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AIM and Native American political activism in the 20th centurybyJolene Smith
Native Americans have had to struggle with surviving on their reservation since the 1800s. Some individuals have stepped up to fight the struggles and created a movement known as the American Indian Movement (AIM). These leaders became prominent figures who fought for better housing, better health care, native language and culture education, and treaty rights.
Dennis Banks, Clyde Bellecourt, Russell Means, and Anna Mae Aquash led the cause. Banks and Bellecourt were the first leaders who established AIM. The two focus on the Minneapolis area, where many of the Indians moved from the reservation. Eventually, natives from across the nation asked for AIM’s help and traveled to the places and took a stand in defending issues that were not supportive of a better life for Native Americans.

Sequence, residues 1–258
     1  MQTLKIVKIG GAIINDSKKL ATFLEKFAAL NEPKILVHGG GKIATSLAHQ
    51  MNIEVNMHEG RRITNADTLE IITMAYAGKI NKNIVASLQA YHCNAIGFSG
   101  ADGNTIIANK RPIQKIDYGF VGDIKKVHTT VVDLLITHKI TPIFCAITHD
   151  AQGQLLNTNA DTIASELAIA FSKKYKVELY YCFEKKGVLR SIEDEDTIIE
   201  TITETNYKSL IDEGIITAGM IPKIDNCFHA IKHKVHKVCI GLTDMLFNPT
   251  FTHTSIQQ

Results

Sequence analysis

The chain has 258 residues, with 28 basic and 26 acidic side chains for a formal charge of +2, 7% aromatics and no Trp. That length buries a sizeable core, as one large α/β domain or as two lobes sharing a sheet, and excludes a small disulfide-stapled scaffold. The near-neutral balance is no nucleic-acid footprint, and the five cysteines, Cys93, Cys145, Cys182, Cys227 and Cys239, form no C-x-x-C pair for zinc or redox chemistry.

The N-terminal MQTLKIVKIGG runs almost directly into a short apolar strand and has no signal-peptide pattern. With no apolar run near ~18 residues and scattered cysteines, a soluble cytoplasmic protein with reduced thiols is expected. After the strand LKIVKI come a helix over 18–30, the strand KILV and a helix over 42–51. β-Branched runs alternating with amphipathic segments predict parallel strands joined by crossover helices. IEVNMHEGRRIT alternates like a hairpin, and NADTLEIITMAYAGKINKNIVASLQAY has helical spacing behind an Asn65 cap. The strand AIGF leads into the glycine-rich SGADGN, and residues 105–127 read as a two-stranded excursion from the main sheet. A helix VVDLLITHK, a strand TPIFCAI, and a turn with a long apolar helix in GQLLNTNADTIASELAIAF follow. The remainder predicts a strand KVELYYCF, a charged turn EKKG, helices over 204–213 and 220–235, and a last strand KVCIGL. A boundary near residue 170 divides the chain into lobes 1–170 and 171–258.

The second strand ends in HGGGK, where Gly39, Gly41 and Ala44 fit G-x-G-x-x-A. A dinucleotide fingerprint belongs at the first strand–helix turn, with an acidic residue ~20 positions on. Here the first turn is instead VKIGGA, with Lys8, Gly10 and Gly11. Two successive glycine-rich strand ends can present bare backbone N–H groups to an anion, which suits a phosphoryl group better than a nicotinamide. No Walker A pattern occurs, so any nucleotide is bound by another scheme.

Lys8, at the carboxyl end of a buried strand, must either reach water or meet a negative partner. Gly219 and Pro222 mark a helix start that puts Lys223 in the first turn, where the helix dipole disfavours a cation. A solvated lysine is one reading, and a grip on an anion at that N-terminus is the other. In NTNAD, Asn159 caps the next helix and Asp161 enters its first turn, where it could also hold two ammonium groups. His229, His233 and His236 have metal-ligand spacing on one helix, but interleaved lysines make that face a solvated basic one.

The occupation of Alcatraz, Mount Rushmore, the Mayflower, Plymouth Rock, Wounded Knee, the Trail of Broken Treaties, and the BIA headquarters take over were some areas AIM occupied with demonstrating their tribal issues to the public, government, and news media.
AIM was on the FBI watch list as a group that interfered with government regulations. After the loss of a prominent AIM leader, the movement slow decimated into its chapters.
(Developed for Social Studies and Navajo [Diné] Language, grade 5; recommended for Social Studies, grade 5